– when you really need to spray prime your models when it’s raining or cold outside you can try to use a simple trick with a hair dryer or a heat gun. Place it directly above the top of the spray can and turn it on before you start spraying. This is warm the air in front of your spray can and lower the humidity level. It should allow you to spray primer your models and ensure that the paint is going to dry properly.
– when you are doing a lot of spray painting you can quickly clog the spray nozzle. In order to avoid it when you finish painting, or every now and then when you have a long spraying session, turn the spray can upside down and push the button. Keep pressing it until you see that the nozzle is clean of paint.
– some spray cans allow you to swap their nozzles (this is the case with MONTANA series). It is a good idea to grab few clean ones when you buy the spray cans. It will give you an option to change the damaged or heavy clogged nozzles and just continue spraying.

What is a spray booth/tent and how to make one

A spray booth or a spray tent is an enclosure or a semi enclosed area used for spray painting. A spray booth keeps the overspray from going everywhere and it’s a place where you can spray paint when you cannot do it outside. More professional spray booths will also have a build in ventilation, also sometimes referred to as extractor fan system, which will absorb the overspray and in some cases even ventilate it outside.


I am sorry for the quality of the picture, I was more into priming than photographing 😛

I am not going to show you how to make a spray booth with ventilation system, but I will show you a quick way to do a spray tent. It will keep the overspray away from everything else that you do not want to put the paint on 😉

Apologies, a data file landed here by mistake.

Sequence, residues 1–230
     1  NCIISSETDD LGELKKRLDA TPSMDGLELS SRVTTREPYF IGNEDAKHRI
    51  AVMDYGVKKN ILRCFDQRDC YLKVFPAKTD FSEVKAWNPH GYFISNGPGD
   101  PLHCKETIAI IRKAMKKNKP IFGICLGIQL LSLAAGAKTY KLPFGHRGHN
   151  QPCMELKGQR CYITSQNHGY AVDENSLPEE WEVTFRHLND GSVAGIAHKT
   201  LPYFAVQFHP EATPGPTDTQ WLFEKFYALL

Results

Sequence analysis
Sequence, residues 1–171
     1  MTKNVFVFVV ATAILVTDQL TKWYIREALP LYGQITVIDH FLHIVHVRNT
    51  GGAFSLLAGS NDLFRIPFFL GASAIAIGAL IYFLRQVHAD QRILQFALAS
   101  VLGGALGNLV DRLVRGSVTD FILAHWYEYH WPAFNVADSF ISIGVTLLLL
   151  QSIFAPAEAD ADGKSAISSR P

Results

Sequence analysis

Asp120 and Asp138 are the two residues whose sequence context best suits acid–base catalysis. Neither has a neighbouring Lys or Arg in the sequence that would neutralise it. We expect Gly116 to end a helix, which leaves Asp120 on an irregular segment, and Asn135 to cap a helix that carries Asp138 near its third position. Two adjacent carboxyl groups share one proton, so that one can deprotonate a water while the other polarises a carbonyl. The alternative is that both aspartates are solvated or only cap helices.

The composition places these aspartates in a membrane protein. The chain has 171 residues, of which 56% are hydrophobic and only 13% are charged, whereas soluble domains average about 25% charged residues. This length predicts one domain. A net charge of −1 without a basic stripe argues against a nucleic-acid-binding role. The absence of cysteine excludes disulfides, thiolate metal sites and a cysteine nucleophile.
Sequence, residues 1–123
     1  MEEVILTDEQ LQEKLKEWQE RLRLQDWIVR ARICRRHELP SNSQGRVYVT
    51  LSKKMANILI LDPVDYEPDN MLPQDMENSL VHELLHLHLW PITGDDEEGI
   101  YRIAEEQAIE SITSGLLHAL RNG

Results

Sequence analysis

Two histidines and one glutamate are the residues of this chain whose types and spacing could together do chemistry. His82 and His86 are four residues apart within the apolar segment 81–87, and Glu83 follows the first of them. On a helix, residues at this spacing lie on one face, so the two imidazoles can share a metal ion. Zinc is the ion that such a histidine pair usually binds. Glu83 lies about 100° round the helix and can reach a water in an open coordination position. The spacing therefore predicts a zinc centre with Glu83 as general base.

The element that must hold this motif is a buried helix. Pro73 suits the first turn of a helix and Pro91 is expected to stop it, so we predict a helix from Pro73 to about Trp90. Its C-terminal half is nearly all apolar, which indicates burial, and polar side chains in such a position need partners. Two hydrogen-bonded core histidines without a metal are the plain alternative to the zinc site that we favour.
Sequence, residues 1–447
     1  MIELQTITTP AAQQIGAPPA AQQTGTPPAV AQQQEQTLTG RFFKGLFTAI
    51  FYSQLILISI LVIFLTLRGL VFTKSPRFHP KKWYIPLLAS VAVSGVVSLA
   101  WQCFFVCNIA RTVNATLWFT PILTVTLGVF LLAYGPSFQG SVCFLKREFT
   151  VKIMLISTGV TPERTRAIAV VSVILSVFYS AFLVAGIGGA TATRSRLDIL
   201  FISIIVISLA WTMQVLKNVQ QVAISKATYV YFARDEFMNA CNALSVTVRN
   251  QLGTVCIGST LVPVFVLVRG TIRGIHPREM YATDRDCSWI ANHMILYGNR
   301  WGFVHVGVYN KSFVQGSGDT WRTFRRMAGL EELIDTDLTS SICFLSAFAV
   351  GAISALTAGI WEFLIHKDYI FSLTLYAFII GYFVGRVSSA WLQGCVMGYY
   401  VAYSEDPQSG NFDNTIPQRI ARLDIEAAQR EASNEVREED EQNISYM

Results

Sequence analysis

1. Just take an empty cardboard box, big enough to put your miniature in it.
2. Take some tape and make sure there are no holes in the cardboard box
3. Attach the miniature to something and put it in the spray booth

That’s pretty much it, you can start priming your models and do not worry about the overspray 😀


Can Montana black paint be used as a miniature spray primer?

In the first part of this very short ‘series’ I mentioned that I am going to try Montana Black as a primer. I also mentioned that I absolutely love the Montana Black series of cans and their color palette. Let’s see if this paint is as suitable for miniatures as for MDF/HDF.
The results are as follows:

Montana Black series Black Matt

As Montana spray cans are a premium, high quality paint for artists with high pigments density I was a bit concern that the paint is going to be too thick for miniatures. I was not exactly right here. The paint, when fully dry, is a bit thick. However, I did a quick one coat primer here. So, maybe, when being more careful it could get better results. I need to experiment a bit more with it and we will see.

I also asked few friends for their recommendations of a cheap, but relatively good, spray can primer. I ended up buying this:


It’s a spray can primer available here in Poland in almost every Auchan supermarket. I paid for it around 3$/2.5EUR/12PLN. In comparison Montana Black paint is for around 4$/3.70EUR/17PLN. The difference is not great when you buy two or three cans, but can make a difference if you need a lot of cans.


As I had to test the Montana Black spray paint and was also testing the new Kameleon Spray Primer I decided to try Den Braven Universal White Primer a second change. Here are the comparison photos:

Den Braven Universal White Matt
Kameleon Primer White Matt
From left to right: Kameleon Primer White Matt, Montana Black series Black Matt, Den Braven Universal White Matt

For me this time Montana is number 1, even though the paint is slightly too thick for my taste. However, it might have been my fault. Number 2 is the Kameleon Primer White Matt. I got a feeling that this primer might be very good when you know how to use it, will definitely give it a go in the future. With the last one, honestly, I wouldn’t even use it for terrain. Straight to the bin.